“Artist Ezio Cusi’s house is a work of art —and also built smart. The timber-framed house with light clay walls is made with mostly local natural materials.
“An introduction to the passive solar design features of my strawbale tiny house. This 450 sq ft house uses south facing windows to heat itself during winter, supplementing heat provided by a wood stove. Roman-style thermal curtains on all windows help to conserve heat. A cantilevered second floor and overhangs keep the sun out during warmer times of the year. This is one of many passive solar strawbale houses at Dancing Rabbit Ecovillage.”
“The back mass wall is up to the 7th course of bags and another course of foam insulation is about to start. In the video I show how the geotextile is woven through the mass wall making it monolithic. This is an invention by Howard Switzer (the Architect on this project) and he calls it “continuous buttress earthbag walls”. This design eliminates the need for poured concrete buttresses and battering the walls (leaning them back) and allows for a cleaner looking straight walled interior. We have had 300% the normal rainfall this summer in TN and this has resulted in much less progess than was anticipated.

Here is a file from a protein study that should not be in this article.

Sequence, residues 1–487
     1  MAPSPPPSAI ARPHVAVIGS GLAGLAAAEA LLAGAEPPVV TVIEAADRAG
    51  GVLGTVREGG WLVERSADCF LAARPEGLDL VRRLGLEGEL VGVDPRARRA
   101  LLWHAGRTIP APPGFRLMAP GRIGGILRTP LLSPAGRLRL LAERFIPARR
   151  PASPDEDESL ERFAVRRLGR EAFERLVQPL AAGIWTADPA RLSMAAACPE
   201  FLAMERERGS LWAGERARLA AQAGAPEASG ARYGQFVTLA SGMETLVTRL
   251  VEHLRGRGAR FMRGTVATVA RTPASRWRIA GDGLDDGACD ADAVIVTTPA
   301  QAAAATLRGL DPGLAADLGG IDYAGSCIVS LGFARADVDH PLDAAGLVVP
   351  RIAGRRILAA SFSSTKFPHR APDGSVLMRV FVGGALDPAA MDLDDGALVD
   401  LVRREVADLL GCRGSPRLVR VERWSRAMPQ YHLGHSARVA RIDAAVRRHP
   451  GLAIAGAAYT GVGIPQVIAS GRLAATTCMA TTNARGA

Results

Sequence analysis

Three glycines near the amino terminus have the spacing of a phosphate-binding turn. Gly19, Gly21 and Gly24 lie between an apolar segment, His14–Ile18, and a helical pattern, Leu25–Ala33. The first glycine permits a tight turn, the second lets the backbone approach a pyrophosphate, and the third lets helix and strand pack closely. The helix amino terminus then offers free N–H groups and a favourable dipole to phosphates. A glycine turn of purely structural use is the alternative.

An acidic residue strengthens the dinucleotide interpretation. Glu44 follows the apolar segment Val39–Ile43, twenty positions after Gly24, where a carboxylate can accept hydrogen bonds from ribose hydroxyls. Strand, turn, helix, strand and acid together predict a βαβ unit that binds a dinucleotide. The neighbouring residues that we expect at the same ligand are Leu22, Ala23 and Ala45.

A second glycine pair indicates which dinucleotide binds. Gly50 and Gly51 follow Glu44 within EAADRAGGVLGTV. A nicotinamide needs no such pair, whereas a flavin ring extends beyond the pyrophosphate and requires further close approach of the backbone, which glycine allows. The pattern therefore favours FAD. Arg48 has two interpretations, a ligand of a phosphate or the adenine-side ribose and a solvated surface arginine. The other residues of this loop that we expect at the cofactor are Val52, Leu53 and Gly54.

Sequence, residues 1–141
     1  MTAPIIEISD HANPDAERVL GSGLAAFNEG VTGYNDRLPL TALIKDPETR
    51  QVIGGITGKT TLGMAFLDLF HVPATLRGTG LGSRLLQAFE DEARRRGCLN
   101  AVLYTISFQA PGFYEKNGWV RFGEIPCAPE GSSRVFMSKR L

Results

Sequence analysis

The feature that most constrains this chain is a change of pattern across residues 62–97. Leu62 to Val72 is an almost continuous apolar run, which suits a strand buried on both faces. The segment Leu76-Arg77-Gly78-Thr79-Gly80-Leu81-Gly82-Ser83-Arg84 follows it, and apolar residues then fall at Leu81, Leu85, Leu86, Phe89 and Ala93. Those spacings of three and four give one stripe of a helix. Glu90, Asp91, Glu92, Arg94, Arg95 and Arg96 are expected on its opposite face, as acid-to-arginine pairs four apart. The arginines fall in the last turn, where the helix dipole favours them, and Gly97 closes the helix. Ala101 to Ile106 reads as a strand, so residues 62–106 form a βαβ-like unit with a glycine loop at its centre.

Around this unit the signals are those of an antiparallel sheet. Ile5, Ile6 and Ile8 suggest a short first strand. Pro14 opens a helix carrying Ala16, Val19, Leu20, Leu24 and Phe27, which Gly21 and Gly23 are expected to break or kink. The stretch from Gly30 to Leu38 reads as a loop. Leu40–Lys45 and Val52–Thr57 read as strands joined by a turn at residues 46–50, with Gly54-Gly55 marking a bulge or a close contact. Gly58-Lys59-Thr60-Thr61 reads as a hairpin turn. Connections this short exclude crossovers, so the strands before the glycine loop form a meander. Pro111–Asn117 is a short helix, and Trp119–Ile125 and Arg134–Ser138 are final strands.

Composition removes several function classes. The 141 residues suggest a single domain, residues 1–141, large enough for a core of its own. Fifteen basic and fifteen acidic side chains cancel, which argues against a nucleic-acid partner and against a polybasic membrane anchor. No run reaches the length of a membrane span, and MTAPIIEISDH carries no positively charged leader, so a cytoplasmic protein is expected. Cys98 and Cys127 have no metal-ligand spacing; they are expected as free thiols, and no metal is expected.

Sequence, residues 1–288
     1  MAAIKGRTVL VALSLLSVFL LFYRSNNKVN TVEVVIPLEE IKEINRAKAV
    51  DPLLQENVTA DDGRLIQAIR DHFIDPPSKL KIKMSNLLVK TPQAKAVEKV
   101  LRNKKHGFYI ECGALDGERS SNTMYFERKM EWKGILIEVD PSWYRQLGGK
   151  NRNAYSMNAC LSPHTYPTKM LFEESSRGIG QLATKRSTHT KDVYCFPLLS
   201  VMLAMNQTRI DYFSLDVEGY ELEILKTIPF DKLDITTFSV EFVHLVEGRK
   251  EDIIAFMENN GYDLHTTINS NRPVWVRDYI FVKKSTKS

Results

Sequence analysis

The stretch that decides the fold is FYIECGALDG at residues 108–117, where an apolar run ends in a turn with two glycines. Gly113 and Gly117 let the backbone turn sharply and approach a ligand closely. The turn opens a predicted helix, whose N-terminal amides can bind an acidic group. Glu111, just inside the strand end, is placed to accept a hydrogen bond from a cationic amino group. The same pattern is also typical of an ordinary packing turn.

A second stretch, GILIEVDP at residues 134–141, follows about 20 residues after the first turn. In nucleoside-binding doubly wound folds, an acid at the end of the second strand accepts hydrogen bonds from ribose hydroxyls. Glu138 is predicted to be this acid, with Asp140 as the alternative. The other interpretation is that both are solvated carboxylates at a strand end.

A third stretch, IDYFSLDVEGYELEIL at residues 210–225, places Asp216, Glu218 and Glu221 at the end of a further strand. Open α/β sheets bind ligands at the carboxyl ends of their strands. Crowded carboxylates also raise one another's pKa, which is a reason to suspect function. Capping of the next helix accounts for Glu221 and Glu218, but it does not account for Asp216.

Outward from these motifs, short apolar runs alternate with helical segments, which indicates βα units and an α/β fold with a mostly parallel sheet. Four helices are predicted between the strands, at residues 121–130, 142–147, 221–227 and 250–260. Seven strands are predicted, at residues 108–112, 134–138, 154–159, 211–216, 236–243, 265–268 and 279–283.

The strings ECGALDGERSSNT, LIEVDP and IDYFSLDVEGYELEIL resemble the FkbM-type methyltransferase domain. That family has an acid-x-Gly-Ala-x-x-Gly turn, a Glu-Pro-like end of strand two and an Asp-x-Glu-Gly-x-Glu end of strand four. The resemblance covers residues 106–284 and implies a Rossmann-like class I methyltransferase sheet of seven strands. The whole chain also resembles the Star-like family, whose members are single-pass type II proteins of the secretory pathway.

“The unit takes one person two days to construct, one day to install, and costs under $100. The temperature inside the unit easily reaches 160 degrees Fahrenheit on a 50-degree day, and can be blown into the house using a fan that pulls less electricity than a light bulb.”
“Steven Schwen of Earthen Path Organic Farm (Lake City, Minnesota) has built an innovative greenhouse that allows him to extend his growing season while reducing energy costs. SARE’s Farmer-Rancher Grants program provided critical assistance for Schwen in the beginning phases of his project.”
“A visual description of passive solar design of the OHOME. Sun penetrates during the heating season, but is rejected during the cooling season, optimizing passive solar heating and cooling.